After skiing to the summit of Mount Field the day before, I was ready to enjoy another perfect winter day on skis before returning back to the drudgery of another work week in the concrete jungle. Since I haven’t been out much on the snow sticks this winter, I was certainly feeling a bit stiff the evening before! On our drive to Mount Field, Wietse had pointed out the East Ridge of Panorama Ridge to me and I thought it was the perfect winter solo ski objective for elevated avalanche conditions – provided I could drag my butt out of bed early enough.
Finally on March 10 of 2018 I managed to ski a peak that’s been on my hit-list for many years. 13 years ago, I’d scrambled Mount Field in Yoho National Park from a weird approach (the Stanley Mitchell Hut) with the infamous Dave Stephens. Since then a lot of my mountain friends had skied the peak from the opposite side and highly recommended it to me. Of course, because I’m a peakbagger I don’t normally like to repeat summits, but if the mode and route of the peak being bagged is completely different, it can be worth a second trip. In this case it was certainly worth it.
Quartz Hill has been on my radar ever since I first skied the Sunshine Meadows way back in 2007 with a large group trip up Twin Cairns. Well, almost exactly a decade later and I was back for my first real attempt. I briefly considered scrambling up the ridge while backpacking along the NE face of it on my way towards Howard Douglas Lake and Citadel Pass back in the fall of 2016 but a closure forced me to reconsider that idea.
I wasn’t sure that I would manage to summit my last 11,000er on the main Columbia Icefield in the spring of 2016. Rumors were flying around that the Athabasca Glacier approach was toast this year thanks to an extremely warm winter / spring combined with low snow and an serac event that covered the route I’ve always used through the headwall with tons of ice and snow earlier in the year. I wasn’t too concerned, as I knew I could approach the south ridge from the Saskatchewan Glacier if I had to, some other year. The South Ridge is the easiest route on Andromeda (there are a lot of routes on this particular 11,000er) and probably one of the technically easiest ascents on the Columbia Icefields – but it does have a lot of objective hazards so I didn’t want to underestimate it. To be honest, I had mixed feelings about doing my last Athabasca Glacier ski mountaineering approach. It’s true that this approach is full of objective hazards and I’ve been extremely lucky not to have had a single bad experience through the icefall, but it’s also a gorgeous area with rock, snow, ice, wind, clouds and sun all competing for attention as skiers skin up steep snow through crevasses and under towering ridges of snow and ice a vertical kilometer above, staring coldly down at them as they thread their way through it’s hard, blue detritus. It’s an area that hundreds and hundreds of visitors to our beautiful province gaze towards every day and wonder who the heck goes up to that forbidding place and actually enjoys themselves while doing it!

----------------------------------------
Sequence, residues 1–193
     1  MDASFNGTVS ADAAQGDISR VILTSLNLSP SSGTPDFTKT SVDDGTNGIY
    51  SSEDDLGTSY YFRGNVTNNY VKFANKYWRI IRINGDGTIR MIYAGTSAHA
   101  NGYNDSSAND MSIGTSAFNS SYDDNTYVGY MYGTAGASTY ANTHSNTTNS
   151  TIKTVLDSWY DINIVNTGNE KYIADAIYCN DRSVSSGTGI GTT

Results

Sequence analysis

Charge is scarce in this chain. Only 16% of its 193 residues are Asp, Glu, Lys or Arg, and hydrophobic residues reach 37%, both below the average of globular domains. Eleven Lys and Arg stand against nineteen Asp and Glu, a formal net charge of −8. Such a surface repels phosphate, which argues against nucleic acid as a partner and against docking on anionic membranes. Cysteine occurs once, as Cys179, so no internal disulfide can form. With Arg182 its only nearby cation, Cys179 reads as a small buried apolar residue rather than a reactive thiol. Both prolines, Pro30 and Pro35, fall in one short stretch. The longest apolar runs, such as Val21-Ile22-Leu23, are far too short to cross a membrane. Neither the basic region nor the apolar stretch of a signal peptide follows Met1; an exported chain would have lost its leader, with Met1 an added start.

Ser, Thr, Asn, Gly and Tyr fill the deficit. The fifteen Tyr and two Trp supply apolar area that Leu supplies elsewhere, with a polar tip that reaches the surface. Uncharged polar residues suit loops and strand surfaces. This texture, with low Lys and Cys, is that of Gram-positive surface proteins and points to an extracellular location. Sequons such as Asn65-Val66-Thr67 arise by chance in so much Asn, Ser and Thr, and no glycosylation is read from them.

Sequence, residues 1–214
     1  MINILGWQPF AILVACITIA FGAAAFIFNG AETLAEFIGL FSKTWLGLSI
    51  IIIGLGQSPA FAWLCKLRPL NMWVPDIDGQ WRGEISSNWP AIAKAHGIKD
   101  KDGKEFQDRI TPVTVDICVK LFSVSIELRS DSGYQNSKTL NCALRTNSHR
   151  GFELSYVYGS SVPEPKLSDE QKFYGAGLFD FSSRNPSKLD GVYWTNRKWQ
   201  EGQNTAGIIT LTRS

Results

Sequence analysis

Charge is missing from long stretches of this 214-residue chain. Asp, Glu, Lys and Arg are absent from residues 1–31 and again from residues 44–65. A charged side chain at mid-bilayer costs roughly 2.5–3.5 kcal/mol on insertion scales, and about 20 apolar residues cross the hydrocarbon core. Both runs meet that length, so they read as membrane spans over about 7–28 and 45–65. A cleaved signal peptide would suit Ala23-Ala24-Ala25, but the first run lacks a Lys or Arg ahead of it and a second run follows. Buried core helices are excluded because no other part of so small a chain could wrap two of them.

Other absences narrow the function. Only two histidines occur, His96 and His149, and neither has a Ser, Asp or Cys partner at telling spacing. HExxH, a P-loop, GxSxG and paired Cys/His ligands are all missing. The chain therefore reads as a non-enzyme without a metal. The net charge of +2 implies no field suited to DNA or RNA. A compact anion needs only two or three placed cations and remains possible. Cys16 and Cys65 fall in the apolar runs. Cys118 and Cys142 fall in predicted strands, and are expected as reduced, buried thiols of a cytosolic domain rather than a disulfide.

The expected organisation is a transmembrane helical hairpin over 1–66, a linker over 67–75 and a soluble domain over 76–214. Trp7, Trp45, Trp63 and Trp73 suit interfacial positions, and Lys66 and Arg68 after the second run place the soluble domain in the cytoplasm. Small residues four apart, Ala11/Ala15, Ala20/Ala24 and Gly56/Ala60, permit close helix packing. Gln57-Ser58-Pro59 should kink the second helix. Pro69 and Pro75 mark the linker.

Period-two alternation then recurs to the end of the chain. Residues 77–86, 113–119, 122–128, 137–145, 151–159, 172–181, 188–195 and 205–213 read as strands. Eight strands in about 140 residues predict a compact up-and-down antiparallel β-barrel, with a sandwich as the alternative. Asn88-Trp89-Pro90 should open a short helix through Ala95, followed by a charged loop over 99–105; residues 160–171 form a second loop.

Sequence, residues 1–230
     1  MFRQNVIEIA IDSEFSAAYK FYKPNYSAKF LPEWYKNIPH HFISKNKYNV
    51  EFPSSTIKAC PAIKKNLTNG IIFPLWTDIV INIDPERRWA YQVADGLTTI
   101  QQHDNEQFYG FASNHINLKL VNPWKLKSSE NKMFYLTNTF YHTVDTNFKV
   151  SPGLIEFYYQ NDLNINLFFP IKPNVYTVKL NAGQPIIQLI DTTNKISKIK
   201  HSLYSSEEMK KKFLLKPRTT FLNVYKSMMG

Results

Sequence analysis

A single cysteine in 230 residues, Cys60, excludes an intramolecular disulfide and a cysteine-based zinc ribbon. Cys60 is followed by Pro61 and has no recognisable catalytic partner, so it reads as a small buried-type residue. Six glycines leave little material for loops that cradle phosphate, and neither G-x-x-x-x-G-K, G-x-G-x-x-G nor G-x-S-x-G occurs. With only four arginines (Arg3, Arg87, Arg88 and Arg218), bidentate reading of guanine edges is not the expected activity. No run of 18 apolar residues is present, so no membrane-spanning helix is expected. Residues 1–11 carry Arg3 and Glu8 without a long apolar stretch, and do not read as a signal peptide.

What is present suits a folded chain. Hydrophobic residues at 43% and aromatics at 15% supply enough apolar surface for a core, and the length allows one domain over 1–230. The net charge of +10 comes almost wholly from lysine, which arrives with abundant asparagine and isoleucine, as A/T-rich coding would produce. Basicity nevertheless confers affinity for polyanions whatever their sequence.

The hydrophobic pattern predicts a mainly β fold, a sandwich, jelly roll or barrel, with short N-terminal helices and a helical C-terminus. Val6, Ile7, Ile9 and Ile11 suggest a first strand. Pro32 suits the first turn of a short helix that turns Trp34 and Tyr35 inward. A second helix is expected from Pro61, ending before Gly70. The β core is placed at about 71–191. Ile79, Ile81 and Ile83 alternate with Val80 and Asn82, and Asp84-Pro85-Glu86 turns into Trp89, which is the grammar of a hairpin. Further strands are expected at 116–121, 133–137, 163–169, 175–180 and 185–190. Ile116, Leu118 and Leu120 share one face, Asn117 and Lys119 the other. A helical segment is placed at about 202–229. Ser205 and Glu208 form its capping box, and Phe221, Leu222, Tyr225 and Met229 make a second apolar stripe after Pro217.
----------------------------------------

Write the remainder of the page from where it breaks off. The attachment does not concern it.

As I lay in my truck at the Kinney Lake parking lot I could hear the Robson River gurgling cheerfully behind me. I could see a million stars starting to come out high above me and there were even some birds chirping their final evening songs just outside my window. My trip had already started out on a good note. On the long drive from Calgary I was cruising past the North Saskatchewan River flats near Mount Amery, when I noticed some movement in the far distance across the Athabasca River. It looked like a large cat! I stopped the truck and took out the longest telephoto lens I had with me – only 300mm unfortunately. (I left the 600mm at home which is the last time I do that.) I spent the next 5 minutes playing stare-off with a very large (almost certainly a male) Canadian Lynx!
After building our camp, it was obvious that Resplendent wasn’t a go for Saturday. Clouds were intermittently covering the upper slopes under the RR col. We decided that with tons of time left we might as well work our way up Rearguard Mountain, so that’s exactly what we did! I have to say, Rearguard was more work than I thought it would be. It was still 880m height gain from our camp which made the total height gain around 1400 meters from the shelter – the same amount as Resplendent from our Extinguisher camp! We had to give a wide berth to the ice fall on climbers left (SW) before finally skiing north to Rearguard Meadows and closer to the peak itself.
Finally, on May 9, 2015 I managed to summit South Twin Peak on my third attempt of this beautiful mountain. I have some history with the north end of the Columbia Icefield, and with South Twin in particular.
Summit Elevation (m): 3342Trip Date: May 8 2015Elevation Gain (m): 2500 (from parking lot)Round Trip Time (hr): 10 (from high camp)Total Trip Distance (km): 48 (from parking lot)Quick ‘n Dirty Rating: Class 2 – you fall, you sprain somethingDifficulty Notes: Glacier travel in an extremely remote location and some avalanche risk to the Cromwell / Stutfield NE2 col make this a peak to be taken seriously. No technical difficulties to the summit – beware the cornice!Technical Rating: MN7; YDS (I)GPS Track: DownloadMap: Google Maps […]